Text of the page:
This Science quiz is called 'Basic Anatomy - The Nervous System' and it has been written by teachers to help you if you are studying the subject at middle school. Playing educational quizzes is a fabulous way to learn if you are in the 6th, 7th or 8th grade - aged 11 to 14.
It costs only $12.50 per month to play this quiz and over 3,500 others that help you with your school work. You can subscribe on the page at Join Us
This quiz is going to focus on the human nervous system. What is the nervous system? It is a collection of nerves, as well as cells known as neurons. The nerves and neurons transmit signals throughout the entire body. In science and in medicine, the study of the nervous system is known as neurology and a doctor of the nervous system is a neurologist.
You can think of the nervous system as a type of hard drive in a computer that sends out electrical signals to every part of the body. The nerves look like fiber strands that branch outward from the brain and central cord. For the most part, the nervous system is made up of two parts. There is the central nervous system which consists of the brain, the spinal cord and travels upward to the retina (yes the eye and more specifically, the light sensitive layer of the eye).
Second, there is the peripheral nervous system which consists of neurons (nerve fibers) that branch out from the spinal cord. These nerve fibers extend to the neck, the arms, the torso, the legs, the skeletal muscles and, finally, the internal organs. Ganglia (which are clusters of neurons) connect neurons to each other, as well as to the central nervous system.
The role of neurons is to transmit signals to each cell through the fiber strands. The fiber stands are also known as axons. The axons will then cause neurotransmitters (chemicals) to be released at specific junctions throughout the nervous system. These junctions are known as synapses. The synapses then send commands to various designated cells to create a reaction. The entire process from first signal to the ultimate reaction to that signal takes less than a millisecond.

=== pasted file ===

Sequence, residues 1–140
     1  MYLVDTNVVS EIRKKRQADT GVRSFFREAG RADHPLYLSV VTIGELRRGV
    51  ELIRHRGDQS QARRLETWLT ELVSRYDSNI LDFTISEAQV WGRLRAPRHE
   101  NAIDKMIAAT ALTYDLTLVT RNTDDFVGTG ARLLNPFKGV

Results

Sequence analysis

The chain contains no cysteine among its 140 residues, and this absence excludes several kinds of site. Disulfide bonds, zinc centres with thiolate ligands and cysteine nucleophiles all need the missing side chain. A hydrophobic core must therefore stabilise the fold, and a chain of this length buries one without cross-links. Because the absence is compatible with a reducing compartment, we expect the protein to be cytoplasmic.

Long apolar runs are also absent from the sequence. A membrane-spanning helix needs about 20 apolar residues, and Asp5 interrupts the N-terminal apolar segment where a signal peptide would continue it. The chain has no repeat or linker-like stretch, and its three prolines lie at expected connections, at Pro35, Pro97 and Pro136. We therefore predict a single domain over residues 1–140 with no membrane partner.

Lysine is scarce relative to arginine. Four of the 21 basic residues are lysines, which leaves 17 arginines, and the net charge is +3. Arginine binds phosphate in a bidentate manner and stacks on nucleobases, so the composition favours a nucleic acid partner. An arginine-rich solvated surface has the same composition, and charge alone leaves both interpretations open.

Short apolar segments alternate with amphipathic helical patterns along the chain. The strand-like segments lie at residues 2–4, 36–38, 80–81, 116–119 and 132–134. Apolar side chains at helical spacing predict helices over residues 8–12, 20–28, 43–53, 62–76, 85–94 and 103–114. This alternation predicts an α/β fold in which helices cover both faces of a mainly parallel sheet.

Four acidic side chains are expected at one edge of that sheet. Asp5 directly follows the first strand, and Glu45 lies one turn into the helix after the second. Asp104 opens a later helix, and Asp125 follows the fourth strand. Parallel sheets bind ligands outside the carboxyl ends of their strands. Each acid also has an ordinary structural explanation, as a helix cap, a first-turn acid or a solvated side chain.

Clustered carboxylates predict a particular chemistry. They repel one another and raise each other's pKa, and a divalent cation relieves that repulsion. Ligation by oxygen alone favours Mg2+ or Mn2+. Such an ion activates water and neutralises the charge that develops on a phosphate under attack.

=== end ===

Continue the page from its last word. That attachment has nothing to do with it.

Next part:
Types of Neurons
Sensory neurons will react to physical stimuli like temperature, sound, touch and light. These neurons will send a signal back to the nervous system which tells the body what the surrounding physical environment is like. The signal will tell you to shiver if cold or sweat if hot, or shield your eyes if the light is bright.
The central nervous system also contains motor neurons. Motor neurons send out signals that will activates muscles and glands. The simple act of sitting or standing up falls under this type of signal. Even chewing, swallowing and laughing.
Sensory neurons often work hand-in-hand with motor neurons. For example, the sensory neurons in the hand will send a signal that fire is hot which then triggers the motor neurons to make the hand pull away from the fire.
In order for the neurons to work properly, however, they need to stay stationary. This is performed by glial cells which act like a kind of glue to keep them in place. The glial cells also provide the neurons with nutrients.
Diseases of the Nervous System
The nervous system is protected rather well by the bone of the skull and the spinal column. However, it can be damaged with accidents, such as a car accident or sports accident, or old age can make the bones more brittle and allow damage to the nervous system to occur. The damage makes the nervous system susceptible to diseases. Among some of the diseases that can occur to the nervous system are the following:
Stroke (occur when the brain does not receive enough oxygen)
Subdural hemorrhage and hematoma (bleeding in the brain)
Epilepsy (electrical signals in the brain misfire causing seizures)
Parkinson’s disease (affects the signals to the body’s muscles)
Multiple Sclerosis (scar tissue surrounds the nerves making transmitting a signal weak or completely absent – affecting muscle control and causes a slurred speech)
Alzheimer (affects the brain and memory functions)